Nordic Countries Call for Ocean Plastic Treaty
Nordic governments have become the first in the world to formally call for a global treaty to tackle ocean plastic.
The call was made at a gathering of the environment ministers of Denmark, Finland, Iceland, Norway and Sweden at the Nordic Council in Reykjavik, Iceland.
In the declaration, the ministers for the environment are pushing for a global agreement on plastic. The declaration, which has been sent to E.U. governing bodies, UNEP, the G7 and the G20, also asks the Nordic Council of Ministers to prepare a study to consider which specific elements should be included in a global agreement to combat microplastics and plastic waste in the marine environment.
The declaration comes after world leaders failed to agree meaningful policy decisions on the issue at the United Nations Environment Assembly in Nairobi last month, says WWF International.
An estimated eight million tons of plastic is dumped into the oceans every year.
WWF is calling for a binding treaty that would establish national targets and transparent reporting mechanisms that extend to companies. Additionally, any treaty should provide for financial and technical support for low income countries to scale up their waste management capacity.
Almost 400,000 people have joined WWF’s global petition on marine plastics pollution.
The ministers for the environment also called for action on biodiversity, saying that Nordic countries should share their positive experiences in relation to the harmonisation of legislation, policies and administrative practices for climate and biodiversity targets.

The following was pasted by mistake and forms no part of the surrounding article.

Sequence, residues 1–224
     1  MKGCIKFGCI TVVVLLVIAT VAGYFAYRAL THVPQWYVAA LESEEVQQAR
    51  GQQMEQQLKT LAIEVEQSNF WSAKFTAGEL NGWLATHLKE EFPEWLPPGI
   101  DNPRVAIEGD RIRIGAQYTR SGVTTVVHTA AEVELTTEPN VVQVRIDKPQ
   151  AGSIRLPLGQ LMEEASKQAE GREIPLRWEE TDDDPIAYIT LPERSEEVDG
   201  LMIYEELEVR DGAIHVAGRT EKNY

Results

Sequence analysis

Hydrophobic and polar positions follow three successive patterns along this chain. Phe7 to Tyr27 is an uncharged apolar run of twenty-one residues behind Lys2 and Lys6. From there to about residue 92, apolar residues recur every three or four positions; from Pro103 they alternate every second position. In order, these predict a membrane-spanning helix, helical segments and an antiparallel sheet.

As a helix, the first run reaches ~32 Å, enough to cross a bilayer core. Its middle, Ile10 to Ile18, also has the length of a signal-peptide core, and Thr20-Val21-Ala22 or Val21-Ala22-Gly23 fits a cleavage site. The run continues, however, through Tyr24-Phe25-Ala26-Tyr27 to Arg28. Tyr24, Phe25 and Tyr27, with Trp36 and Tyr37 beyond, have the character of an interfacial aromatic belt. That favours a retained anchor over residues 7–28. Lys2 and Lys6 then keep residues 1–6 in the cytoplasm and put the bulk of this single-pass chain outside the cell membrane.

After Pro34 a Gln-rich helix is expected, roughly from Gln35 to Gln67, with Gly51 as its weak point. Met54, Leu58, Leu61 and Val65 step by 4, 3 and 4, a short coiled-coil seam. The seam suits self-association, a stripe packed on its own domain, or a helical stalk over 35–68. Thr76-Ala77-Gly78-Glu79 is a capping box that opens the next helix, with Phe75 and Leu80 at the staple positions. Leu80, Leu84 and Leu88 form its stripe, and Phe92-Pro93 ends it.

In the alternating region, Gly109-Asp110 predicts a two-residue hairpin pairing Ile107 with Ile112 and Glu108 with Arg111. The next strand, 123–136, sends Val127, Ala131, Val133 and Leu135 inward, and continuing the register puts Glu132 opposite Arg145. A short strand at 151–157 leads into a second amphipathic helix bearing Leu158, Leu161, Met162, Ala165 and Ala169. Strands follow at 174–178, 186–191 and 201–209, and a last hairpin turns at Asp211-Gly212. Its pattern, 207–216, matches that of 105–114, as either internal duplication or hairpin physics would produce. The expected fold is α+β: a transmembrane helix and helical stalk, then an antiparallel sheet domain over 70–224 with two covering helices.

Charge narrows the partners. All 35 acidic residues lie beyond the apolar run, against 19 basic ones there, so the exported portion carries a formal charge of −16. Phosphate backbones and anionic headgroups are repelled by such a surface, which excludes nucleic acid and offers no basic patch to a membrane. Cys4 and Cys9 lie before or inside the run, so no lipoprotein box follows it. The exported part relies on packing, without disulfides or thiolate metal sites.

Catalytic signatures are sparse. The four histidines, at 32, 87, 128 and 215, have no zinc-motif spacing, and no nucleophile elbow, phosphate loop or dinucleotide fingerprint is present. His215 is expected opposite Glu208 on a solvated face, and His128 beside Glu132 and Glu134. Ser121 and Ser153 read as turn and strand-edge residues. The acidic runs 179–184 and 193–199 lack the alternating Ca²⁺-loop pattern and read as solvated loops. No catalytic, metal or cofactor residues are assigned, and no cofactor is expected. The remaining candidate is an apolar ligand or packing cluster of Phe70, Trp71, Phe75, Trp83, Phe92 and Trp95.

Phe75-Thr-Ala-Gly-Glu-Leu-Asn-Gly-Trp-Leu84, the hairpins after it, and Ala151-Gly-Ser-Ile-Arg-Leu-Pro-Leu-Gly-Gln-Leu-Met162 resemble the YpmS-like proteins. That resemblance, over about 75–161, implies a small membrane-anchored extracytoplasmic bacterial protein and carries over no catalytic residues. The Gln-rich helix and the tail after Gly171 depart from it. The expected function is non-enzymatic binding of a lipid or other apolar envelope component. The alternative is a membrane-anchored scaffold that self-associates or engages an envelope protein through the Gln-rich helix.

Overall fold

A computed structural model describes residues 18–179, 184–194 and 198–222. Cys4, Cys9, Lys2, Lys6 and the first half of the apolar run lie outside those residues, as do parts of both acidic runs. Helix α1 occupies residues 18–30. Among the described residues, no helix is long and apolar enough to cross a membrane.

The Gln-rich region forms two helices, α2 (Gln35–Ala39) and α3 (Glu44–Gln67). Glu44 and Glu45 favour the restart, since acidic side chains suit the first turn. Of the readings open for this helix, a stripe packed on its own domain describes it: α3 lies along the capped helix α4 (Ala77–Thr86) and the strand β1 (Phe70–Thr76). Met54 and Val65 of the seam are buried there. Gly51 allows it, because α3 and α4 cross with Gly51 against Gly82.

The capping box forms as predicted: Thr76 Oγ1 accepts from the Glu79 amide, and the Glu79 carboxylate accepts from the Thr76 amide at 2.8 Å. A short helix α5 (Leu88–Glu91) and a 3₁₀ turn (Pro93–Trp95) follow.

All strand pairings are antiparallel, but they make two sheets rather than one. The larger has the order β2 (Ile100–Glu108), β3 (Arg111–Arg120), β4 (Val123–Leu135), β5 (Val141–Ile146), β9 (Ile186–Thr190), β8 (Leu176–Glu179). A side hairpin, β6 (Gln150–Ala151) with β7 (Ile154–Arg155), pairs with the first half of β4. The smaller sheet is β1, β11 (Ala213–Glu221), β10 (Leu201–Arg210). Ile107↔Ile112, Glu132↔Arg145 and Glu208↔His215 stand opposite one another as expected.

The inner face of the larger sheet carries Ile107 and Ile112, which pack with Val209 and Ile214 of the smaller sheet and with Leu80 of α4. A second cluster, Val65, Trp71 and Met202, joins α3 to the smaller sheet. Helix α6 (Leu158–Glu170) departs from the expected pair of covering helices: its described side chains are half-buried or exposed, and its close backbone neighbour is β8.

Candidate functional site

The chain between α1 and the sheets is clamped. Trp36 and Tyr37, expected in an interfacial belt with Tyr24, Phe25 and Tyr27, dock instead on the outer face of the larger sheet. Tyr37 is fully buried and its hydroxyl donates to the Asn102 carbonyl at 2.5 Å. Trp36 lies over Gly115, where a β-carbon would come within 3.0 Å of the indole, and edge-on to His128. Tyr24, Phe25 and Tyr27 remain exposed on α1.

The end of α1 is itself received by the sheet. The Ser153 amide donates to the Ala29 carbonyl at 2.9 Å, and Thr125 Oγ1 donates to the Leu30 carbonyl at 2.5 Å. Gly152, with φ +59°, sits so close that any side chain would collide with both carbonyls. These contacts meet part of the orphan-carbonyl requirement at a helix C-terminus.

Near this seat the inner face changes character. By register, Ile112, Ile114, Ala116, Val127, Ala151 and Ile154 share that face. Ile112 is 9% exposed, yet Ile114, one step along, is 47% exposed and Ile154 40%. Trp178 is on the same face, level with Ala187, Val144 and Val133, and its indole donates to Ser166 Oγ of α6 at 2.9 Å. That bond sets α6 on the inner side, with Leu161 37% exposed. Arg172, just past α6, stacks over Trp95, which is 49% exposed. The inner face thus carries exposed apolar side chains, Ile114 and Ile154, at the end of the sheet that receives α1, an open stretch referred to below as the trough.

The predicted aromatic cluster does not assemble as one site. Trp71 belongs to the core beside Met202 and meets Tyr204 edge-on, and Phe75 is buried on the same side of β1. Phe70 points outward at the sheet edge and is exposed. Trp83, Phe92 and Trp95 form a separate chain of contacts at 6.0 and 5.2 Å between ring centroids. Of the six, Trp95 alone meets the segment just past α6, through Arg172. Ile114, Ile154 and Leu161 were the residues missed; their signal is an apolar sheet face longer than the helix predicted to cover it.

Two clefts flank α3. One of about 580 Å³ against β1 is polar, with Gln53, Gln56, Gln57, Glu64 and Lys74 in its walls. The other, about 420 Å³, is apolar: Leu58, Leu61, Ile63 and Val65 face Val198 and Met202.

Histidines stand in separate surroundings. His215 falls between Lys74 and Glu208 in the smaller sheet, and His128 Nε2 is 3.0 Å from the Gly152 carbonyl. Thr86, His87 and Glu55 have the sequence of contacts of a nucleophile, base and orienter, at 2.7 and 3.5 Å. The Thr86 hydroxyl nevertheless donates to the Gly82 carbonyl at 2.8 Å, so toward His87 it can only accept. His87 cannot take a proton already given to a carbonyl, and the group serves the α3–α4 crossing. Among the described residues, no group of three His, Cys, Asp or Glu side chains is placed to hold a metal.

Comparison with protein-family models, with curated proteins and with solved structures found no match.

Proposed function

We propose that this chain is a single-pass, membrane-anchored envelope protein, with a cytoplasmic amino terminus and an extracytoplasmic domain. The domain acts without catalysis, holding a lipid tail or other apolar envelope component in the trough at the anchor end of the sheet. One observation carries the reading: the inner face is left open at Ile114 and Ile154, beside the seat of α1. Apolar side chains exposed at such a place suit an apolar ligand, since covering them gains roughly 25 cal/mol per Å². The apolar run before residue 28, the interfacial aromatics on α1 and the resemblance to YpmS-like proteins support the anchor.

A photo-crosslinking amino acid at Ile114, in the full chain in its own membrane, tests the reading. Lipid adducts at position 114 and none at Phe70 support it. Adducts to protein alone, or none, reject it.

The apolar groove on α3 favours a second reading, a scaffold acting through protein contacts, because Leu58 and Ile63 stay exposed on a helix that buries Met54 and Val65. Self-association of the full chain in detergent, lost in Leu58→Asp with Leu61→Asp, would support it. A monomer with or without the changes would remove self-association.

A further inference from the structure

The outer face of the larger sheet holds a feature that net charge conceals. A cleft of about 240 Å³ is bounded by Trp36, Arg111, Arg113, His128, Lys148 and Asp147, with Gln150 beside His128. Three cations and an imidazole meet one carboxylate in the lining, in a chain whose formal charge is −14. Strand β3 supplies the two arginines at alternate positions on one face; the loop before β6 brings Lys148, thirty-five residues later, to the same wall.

International studies show that species are disappearing and that ecosystems are being damaged and destroyed at a pace that threatens the living conditions of current and future generations. Under the U.N. Convention on Biological Diversity (CBD), the nations of the world are working together to stem such losses by preserving nature and transforming the industries that make use of natural resources – primarily agriculture, fishing, forestry and tourism.
“The CBD is very important, and now that our biodiversity targets are to be revised, it’s vital that we set the bar high for new targets and that we strive even more purposefully to achieve them. We need to focus on the synoptic links between biodiversity and other environmental challenges, including the fight against desertification and climate change,” says Guðmundur Ingi Guðbrandsson, Minister for the Environment and Natural Resources of Iceland, which holds the presidency of the Nordic Council of Ministers in 2019.
Last autumn, the Nordic Council decided to give young people a stronger voice in international negotiations on biodiversity and in following up the new targets. The Nordic ministers for the environment are requesting that the Nordic Council of Ministers follows up the initiative with a project that ensures that the views of children and young people are taken into account in efforts relating to the new framework for the CBD.
“It’s young people who will inherit our planet, so it goes without saying that they should have a say in how we treat it and look after it,” says Guðbrandsson.